First, the pandemic has reinforced the view that environmental costs should be internalized and that polluters should pay for the pollution they cause. That might seem paradoxical. Businesses have been significantly hit by the crisis, which might suggest that it is not the right time to introduce new environmental tax measures that would add to their cost base.  However, the contrary might be true. In the context of the pandemic, governments have played a key role in supporting businesses by providing them with financial support. This financial support might be seen as a bargaining chip in the push for the adoption of stricter environmental standards and environmental tax measures. In that context, it is not surprising that the European Parliament has emphasised that the European response to the pandemic – specifically, its recovery and reconstruction package – should be aligned with the “EU’s objective of climate neutrality” and should help support the “ecological transition”. The theme is echoed more widely. For example, the German presidency of the Council of the EU has underlined its priority to “ensure that the Green Deal helps overcome the consequences of the COVID-19 pandemic”. Moreover, both the IMF Fiscal Affairs Department and the OECD discussed the key role that environmental tax measures could play as a response to the COVID-19 crisis.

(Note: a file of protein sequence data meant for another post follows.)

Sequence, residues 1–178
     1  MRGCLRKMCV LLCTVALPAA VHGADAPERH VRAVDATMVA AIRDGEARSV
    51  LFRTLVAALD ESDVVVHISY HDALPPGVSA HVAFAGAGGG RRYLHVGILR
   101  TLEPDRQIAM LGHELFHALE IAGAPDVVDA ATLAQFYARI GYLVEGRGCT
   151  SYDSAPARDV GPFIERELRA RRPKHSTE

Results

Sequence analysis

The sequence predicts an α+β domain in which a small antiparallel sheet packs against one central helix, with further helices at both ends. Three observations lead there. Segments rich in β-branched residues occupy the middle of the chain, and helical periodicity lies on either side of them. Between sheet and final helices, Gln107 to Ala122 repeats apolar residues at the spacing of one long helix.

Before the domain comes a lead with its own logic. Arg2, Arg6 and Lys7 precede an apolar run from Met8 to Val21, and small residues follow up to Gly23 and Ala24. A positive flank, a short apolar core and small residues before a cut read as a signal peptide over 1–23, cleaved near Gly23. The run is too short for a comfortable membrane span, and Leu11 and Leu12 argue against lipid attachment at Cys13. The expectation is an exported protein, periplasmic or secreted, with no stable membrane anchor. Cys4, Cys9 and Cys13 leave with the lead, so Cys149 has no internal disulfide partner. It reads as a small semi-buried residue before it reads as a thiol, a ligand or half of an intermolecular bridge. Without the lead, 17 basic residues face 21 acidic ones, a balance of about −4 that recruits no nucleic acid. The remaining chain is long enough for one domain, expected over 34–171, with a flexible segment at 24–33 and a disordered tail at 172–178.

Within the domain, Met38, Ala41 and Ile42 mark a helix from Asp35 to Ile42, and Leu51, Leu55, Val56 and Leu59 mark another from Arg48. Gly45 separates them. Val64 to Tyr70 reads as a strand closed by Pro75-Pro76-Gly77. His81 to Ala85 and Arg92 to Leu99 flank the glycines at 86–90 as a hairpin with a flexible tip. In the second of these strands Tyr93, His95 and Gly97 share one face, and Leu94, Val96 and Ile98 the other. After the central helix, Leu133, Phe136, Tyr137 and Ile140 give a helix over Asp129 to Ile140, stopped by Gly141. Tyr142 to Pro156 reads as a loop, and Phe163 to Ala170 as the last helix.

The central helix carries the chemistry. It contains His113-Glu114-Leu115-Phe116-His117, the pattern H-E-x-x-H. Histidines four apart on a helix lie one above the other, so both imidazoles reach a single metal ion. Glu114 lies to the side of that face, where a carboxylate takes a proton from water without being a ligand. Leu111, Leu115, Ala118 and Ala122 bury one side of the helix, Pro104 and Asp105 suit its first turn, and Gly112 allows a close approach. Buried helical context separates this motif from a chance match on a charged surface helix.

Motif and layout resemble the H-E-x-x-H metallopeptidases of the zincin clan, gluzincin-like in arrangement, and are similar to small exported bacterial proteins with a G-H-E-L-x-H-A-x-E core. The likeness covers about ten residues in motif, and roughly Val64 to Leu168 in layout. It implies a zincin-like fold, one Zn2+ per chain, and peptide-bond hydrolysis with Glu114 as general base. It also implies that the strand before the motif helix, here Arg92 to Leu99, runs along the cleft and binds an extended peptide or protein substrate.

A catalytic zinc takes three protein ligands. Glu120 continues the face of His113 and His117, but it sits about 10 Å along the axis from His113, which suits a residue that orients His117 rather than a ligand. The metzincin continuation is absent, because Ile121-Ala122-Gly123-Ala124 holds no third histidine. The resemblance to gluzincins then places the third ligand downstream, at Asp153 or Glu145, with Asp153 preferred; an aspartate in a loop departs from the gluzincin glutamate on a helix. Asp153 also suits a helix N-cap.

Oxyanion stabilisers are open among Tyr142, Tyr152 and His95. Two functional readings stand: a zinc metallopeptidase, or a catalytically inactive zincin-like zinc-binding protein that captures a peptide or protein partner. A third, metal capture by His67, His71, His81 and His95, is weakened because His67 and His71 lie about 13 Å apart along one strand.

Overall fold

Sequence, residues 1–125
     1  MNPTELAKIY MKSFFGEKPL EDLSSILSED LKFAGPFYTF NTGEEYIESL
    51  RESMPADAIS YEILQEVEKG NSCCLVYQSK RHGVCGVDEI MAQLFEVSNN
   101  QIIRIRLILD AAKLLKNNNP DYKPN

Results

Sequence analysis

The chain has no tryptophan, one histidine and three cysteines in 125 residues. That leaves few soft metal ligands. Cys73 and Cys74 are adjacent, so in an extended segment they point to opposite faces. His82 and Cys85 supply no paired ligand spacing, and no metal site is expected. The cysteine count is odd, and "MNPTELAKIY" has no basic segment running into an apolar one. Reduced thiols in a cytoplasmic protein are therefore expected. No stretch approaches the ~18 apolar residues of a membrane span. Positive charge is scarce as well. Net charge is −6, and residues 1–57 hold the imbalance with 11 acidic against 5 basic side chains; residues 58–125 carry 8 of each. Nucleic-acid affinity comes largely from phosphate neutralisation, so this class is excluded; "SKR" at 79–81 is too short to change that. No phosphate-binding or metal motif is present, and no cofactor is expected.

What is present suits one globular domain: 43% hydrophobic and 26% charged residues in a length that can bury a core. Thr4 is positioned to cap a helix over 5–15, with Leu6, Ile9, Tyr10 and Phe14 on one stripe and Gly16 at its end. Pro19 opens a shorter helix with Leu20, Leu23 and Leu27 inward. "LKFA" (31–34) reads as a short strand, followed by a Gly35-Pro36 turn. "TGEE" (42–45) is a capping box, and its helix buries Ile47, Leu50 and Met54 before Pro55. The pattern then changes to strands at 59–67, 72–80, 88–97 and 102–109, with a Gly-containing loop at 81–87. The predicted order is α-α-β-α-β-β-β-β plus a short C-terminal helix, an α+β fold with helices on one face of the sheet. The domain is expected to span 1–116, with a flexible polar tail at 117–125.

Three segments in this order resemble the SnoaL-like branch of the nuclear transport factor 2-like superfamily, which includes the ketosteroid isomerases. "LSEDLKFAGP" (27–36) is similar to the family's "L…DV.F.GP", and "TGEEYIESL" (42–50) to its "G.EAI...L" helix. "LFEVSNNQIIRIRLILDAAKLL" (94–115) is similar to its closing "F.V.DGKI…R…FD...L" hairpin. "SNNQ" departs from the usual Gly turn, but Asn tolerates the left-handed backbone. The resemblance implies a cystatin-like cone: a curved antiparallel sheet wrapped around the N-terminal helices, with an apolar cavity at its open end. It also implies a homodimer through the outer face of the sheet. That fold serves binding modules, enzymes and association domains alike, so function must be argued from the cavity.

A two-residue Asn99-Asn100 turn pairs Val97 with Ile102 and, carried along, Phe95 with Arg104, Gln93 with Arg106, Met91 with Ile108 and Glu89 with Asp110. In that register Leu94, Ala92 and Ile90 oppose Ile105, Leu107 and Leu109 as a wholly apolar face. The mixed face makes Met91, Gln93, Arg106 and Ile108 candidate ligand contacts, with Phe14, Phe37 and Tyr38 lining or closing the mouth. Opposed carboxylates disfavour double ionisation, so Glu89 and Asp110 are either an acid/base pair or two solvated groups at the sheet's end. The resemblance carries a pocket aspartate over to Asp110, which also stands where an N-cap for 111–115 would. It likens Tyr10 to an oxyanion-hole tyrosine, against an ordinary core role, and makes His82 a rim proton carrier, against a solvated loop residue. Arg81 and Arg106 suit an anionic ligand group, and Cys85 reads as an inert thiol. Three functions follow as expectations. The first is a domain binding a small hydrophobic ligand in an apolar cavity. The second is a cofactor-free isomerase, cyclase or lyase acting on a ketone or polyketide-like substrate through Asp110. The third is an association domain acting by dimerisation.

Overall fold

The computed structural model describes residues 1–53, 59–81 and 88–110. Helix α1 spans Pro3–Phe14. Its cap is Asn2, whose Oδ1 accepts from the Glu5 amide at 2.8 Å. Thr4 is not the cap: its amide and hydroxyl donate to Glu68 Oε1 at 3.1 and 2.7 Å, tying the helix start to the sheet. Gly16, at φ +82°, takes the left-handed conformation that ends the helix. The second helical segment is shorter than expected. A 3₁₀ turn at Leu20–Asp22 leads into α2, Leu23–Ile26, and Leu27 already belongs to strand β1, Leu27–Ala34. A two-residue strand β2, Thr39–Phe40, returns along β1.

Second, the pandemic has reinforced the view that the EU needs “truly European taxes”. This view is not new: many commentators believe that a monetary union cannot function properly without a fiscal union that includes genuine European taxes. Environmental taxes could be a good candidate to establish such “truly European taxes”. This is for two main reasons. First, from a substantial viewpoint, it makes good sense to act at the EU level rather than at the Member States level when it comes to environmental problems. Such problems (like climate change or marine pollution) are by their nature truly global. Second, from an institutional viewpoint, environmental taxes might be a form of taxation that is an easier “sell” at the European level, making them more likely to be adopted in practice. In 2019, the European Commission published a recommendation in which it suggested that less restrictive voting requirements could apply to the adoption of certain types of taxes, including specifically energy taxes. Consequently, it is not that surprising that the European Institutions, including the European Commission, the European Parliament and the European Council are all considering border carbon adjustments among the potential taxes that could serve to establish a new EU own tax base.